Video conference calls have become a new normal in the workplace, to allow for physical distancing.
But too much of anything can come with problems, and so-called “Zoom fatigue” is an issue for many in the work force.
People aren’t just using video calls for work. There are also more people joining online in this way for celebrations, webinars, book club meetings, medical appointments, public board meetings, choir practice and so on. In addition to the popular Zoom platform, there are similar applications such as Google Hangouts, Skype and Facetime.
Chilliwack Healthier Communities has researched the issue and created a helpful list to combat this specific type of fatigue, based on several news articles, including a feature in National Geographic.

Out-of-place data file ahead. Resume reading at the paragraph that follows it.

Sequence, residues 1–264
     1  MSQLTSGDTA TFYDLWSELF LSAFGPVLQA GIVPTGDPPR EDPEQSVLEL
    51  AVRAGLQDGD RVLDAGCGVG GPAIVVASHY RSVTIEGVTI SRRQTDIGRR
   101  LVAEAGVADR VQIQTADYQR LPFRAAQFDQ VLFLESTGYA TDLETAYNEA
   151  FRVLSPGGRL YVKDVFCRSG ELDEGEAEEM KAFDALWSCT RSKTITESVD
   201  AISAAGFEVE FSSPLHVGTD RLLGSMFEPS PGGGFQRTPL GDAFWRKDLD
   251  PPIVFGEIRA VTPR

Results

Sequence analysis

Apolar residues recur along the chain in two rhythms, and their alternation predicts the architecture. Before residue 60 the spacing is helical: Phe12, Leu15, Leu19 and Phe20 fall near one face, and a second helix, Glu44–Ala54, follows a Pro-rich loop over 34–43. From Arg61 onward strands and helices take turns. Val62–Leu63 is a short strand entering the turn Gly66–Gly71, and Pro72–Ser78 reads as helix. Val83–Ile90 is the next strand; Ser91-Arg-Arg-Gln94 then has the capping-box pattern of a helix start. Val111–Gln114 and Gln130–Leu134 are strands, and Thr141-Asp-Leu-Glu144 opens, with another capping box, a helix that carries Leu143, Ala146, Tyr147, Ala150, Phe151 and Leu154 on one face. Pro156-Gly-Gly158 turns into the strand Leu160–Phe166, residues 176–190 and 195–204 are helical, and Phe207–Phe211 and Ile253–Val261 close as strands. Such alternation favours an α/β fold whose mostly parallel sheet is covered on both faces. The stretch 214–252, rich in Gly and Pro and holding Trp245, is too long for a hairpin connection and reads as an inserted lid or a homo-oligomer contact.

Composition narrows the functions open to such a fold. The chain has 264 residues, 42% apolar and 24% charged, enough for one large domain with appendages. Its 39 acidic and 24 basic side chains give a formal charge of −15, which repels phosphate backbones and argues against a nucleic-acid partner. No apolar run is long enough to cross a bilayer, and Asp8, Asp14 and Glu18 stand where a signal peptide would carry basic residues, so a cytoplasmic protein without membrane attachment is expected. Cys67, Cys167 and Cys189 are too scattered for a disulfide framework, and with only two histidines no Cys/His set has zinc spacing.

They suggest the following:
• Change to phone meetings when possible and consider walking while you talk
• Schedule breaks between Zoom meetings and remove yourself from screens
• Consider times when video cameras could be optional for meeting participants
• Choose “remove self view” from the viewing platform
• Consider using “speaker view” instead of “gallery view” for some of the time
• Use the chat option to respond instead of giving verbal or visual cues
• When possible, take time for personal check-ins at the start of meetings
• when working from home, create buffers between work and personal meetings
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